Malinda S. Matlock secured a ruling from the Oklahoma Court of Appeals affirming summary judgment in favor of her client, a local business, and against the plaintiffs for their claims of Intentional Infliction of Emotional Distress, Negligence, Loss of Consortium, Defamation, and Blacklisting.

The lead plaintiff alleged that the business’s sole director made unwelcome sexual advances, and she was forced to quit as a result. The co-plaintiff asserted claims for loss of consortium due to the alleged emotional injuries to the lead plaintiff.

Defendant filed a Motion for Summary Judgment on several grounds that would be fatal to the plaintiffs’ claims even assuming the factual allegations to be true, including: (1) the claims are time-barred by the statute of limitations applicable to each claim; (2) the alleged conduct is outside the scope of the business director’s employment and the company cannot be held vicariously liable; (3) the lack of notice or reporting to management of any unacceptable conduct before or during the lead plaintiff’s employment is fatal to her claims for negligent retention; (4) the failure to establish the elements of defamation or blacklisting; and (5) the failure of the loss of consortium claim as it is derivative of the lead plaintiff’s failed claims.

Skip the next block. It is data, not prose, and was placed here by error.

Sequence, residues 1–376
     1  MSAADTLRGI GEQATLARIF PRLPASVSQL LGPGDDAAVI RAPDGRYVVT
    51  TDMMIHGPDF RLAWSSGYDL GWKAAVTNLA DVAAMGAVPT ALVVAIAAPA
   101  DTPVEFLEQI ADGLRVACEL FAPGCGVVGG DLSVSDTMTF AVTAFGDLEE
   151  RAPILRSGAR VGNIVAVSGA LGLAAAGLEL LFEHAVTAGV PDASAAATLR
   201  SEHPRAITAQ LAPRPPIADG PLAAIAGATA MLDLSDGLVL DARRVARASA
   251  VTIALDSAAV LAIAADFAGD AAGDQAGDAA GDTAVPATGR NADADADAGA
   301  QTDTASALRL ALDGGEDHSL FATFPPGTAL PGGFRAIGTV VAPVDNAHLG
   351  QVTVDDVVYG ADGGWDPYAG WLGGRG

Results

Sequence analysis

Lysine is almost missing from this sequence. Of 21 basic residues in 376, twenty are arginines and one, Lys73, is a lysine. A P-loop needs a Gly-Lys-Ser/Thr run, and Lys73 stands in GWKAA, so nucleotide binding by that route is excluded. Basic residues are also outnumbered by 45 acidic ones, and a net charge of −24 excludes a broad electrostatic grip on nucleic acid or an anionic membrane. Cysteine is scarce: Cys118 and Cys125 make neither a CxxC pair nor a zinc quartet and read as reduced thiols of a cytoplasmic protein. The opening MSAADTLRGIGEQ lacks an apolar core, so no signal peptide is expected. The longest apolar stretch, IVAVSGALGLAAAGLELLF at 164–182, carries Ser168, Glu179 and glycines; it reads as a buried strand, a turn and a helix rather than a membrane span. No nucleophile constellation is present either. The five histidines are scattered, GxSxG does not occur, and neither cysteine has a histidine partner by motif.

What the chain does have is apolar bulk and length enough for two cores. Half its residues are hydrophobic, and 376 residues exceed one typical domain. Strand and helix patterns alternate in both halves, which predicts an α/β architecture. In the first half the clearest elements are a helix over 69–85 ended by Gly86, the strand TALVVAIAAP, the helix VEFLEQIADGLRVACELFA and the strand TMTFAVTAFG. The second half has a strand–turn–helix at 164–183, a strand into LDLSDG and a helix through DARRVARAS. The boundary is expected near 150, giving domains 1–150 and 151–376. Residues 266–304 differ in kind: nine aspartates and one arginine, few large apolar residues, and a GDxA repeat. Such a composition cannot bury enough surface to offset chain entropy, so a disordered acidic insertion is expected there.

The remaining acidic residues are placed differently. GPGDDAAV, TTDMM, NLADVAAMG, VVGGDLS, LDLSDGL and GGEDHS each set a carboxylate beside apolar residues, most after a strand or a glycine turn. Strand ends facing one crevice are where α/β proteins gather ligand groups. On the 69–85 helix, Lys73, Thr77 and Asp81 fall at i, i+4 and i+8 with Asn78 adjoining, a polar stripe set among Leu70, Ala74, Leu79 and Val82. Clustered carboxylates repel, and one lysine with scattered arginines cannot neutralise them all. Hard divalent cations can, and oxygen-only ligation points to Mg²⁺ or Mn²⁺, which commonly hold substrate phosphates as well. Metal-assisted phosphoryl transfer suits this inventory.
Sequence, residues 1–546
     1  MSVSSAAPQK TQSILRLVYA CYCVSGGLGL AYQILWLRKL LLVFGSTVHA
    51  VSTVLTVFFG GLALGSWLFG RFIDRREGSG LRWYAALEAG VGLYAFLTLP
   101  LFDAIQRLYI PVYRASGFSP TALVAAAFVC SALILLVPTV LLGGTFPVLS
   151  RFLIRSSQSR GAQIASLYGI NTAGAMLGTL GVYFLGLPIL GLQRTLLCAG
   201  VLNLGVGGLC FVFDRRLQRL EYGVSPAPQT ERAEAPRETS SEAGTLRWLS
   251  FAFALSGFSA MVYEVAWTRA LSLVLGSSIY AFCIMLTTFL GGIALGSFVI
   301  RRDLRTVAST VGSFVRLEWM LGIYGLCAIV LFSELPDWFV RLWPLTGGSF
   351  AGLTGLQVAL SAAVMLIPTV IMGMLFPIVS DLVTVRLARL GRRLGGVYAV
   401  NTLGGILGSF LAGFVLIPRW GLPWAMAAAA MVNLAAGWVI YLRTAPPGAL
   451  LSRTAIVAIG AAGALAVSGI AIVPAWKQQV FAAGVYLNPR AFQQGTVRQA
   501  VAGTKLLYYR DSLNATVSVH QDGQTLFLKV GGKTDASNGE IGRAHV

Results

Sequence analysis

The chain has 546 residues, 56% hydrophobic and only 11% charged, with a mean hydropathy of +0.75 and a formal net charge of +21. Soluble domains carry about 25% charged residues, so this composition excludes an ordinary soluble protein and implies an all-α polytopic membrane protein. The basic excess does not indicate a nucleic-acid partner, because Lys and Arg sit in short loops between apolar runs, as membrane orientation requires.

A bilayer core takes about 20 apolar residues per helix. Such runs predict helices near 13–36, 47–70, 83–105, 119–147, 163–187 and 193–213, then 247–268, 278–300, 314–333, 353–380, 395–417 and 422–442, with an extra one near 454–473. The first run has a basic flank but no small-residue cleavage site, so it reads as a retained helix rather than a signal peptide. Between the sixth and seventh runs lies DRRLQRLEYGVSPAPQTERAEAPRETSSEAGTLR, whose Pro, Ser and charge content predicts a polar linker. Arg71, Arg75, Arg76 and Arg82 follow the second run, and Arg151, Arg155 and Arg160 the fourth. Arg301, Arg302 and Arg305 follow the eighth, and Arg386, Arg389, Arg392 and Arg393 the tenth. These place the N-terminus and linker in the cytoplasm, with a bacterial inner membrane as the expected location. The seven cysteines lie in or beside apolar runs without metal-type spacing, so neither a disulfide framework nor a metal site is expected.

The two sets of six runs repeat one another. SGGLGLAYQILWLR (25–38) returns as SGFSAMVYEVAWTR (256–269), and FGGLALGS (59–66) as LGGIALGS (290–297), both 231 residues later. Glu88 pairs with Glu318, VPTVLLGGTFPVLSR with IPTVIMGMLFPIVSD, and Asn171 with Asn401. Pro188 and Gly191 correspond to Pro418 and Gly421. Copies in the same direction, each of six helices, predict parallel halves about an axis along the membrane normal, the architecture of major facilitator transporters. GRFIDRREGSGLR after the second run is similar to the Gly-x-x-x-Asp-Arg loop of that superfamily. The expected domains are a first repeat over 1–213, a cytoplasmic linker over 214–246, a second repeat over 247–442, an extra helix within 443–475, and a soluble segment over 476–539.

The trial court granted summary judgment to Defendant on the claims of Intentional Infliction of Emotional Distress and Negligence finding that respondeat superior does not apply to acts outside the scope of employment and citing to N.H. v. Presbyterian Church (U.S.A.), 1999 OK 88, 998 P.2d 592 that established as a matter of law in Oklahoma that an assault upon a third person is not within the scope of employment with three (3) very narrow exceptions recognized.  None of the exceptions were alleged to apply to the plaintiffs in this case.

It is quite common for plaintiffs to sue employers in an effort to hold employers civilly liable for the sexual misconduct of a co-worker under a theory of respondeat superior since the individual tortfeasor seldom has any money to satisfy a judgment.  The precedent set in N.H. v. Presbyterian Church (U.S.A.) is very clear and should be applied in these cases.